When EMS calls leave you with a feeling of emptiness
This job does eat away at me every day; there have been days that the toll is taken in one fell swoop
By Anonymous Paramedic, Sacramento, Calif.
Some days it's a lot to handle. It's a hard thing to describe. I've never been one for talking about my feelings. The more important it is, the more powerful the feeling, the less I will say about it. The best I can do is to say that it is a feeling of crushing emptiness.
There is always a lot of talk about how this job can effect us. People die while we try to keep them from doing so. That is definitely a humbling feeling. I have worn other people's blood on my skin. I have heard the last words of people I have just met. I have felt my paradigm shift, and my ego crumble when I realize that I cannot help my patient and I do not know why.
I have experienced many of the stereotypical, harrowing experiences associated with this profession. I do not mean to underestimate the effects that those experiences can have on us, but for me personally it feels a little self-aggrandizing.
Those are the stories people expect.
When someone sees me staring into space, lost in my thoughts, it's easy for them to imagine those things running through my mind. I wish that were the case.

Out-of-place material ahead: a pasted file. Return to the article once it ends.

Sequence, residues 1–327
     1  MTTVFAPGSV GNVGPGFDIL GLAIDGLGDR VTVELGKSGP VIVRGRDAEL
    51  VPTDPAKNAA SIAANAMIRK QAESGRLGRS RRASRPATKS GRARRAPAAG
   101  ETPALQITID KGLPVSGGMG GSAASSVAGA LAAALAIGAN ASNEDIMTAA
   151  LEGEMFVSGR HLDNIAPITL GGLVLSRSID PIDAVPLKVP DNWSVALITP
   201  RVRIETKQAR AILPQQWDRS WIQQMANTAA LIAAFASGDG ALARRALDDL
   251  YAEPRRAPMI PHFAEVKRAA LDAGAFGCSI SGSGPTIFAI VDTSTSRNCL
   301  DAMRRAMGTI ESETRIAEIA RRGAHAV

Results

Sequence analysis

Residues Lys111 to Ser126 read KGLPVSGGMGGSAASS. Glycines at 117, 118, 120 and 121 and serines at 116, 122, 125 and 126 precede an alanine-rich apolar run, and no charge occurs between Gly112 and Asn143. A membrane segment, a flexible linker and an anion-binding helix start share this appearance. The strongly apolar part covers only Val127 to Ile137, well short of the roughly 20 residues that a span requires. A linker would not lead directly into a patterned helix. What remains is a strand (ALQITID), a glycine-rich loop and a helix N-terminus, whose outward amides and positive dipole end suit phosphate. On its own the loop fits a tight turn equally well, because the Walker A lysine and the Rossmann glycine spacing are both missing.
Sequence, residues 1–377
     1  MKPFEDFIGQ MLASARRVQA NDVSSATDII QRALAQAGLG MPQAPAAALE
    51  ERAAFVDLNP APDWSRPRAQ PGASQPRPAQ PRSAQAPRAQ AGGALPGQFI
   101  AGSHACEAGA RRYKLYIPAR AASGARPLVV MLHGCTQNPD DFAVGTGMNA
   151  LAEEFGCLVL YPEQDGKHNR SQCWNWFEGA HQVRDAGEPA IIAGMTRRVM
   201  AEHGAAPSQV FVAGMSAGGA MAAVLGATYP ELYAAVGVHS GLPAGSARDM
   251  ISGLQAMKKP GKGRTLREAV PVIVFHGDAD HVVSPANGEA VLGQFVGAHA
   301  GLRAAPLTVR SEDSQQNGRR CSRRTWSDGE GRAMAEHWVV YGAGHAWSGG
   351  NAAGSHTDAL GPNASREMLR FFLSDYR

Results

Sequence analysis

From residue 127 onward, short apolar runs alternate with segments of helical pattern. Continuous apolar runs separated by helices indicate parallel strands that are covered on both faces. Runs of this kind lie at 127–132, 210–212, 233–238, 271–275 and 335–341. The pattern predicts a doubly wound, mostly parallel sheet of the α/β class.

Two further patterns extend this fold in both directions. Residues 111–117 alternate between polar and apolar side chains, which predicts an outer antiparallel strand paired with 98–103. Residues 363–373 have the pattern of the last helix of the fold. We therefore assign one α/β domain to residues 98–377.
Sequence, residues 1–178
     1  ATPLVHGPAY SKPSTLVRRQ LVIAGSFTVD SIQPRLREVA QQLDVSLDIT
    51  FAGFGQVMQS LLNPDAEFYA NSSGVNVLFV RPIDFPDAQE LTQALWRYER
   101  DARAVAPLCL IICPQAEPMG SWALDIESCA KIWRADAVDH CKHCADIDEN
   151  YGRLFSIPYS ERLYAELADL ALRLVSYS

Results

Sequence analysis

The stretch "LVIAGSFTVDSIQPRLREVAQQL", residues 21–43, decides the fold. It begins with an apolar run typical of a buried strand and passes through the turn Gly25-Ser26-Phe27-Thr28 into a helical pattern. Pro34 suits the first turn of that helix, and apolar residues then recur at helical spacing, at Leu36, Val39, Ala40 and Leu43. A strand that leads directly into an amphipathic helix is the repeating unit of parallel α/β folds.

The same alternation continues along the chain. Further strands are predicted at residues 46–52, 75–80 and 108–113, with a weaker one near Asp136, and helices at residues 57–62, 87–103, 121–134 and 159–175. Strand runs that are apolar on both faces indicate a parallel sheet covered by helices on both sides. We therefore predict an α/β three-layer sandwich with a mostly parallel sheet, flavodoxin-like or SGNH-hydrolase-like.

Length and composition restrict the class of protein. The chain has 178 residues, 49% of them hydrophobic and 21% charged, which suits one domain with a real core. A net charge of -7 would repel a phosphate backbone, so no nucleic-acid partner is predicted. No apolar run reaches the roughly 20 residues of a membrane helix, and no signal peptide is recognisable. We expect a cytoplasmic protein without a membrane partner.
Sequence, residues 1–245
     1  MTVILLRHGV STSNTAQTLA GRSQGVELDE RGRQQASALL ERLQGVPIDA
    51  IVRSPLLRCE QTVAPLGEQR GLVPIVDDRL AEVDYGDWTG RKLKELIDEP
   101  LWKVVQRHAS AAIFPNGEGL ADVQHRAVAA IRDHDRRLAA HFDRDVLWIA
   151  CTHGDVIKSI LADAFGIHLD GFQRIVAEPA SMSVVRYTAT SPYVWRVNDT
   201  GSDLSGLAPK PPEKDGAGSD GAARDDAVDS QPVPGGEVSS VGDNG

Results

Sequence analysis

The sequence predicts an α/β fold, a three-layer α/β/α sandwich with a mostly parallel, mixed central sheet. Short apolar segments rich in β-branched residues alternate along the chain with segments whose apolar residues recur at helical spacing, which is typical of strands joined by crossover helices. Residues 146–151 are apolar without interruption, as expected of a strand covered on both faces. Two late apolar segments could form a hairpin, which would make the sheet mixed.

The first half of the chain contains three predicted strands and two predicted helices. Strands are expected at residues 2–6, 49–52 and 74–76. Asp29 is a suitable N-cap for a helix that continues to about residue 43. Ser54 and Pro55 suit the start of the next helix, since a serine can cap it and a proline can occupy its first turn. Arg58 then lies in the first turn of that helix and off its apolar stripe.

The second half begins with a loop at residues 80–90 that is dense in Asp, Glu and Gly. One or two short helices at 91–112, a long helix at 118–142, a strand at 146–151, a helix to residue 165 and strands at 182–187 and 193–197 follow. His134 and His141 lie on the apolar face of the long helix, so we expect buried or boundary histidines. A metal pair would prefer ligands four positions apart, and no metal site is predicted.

Make no mistake, I am struggling.
This job does eat away at me every day. There have been days that the toll is taken in one fell swoop, with a fast-paced, high pressure, traumatizing call.
Most days that isn't the case. Most days I don't have such a convenient target to point at when those feelings hit me. Most days it comes down like a light rain all around me.
There is no big wave. There is no crashing and breaking. Just a slow, steady rain, soaking into everything.
I see death every day, but it doesn't always make for a thrilling story. I see elderly patients over and over, slightly worse each day. I see demanding, high maintenance patients who really only called because they needed someone to talk to, someone to focus on them for a while. I see patients ashamed of themselves. Ashamed of their size, their appearance, or their hygiene. Ashamed that they need us. I see so much sadness. Not the potent sadness of an acute pain or loss. Not the sadness that allows for catharsis. I see a chronic sadness. Less a sharp stab, more a dull ache. A sadness that I don't realize is there until I begin to bend under the weight. Now I'm left searching for the source.
I do look back on certain calls and feel the twinge of the intense feelings that they evoked. I feel regret. I feel guilt. I feel incompetent. At least I feel a sense of understanding. I can understand the hurt of those calls. I can paint a picture in my mind. I can quantify the pain.
Those are not the thoughts running through my mind when I am lost in it all. Instead, I am left here wondering what is causing this. Why am I feeling this way? Why do the highs seem so much lower than they used to be? When did my life become the sum of so many minor injuries?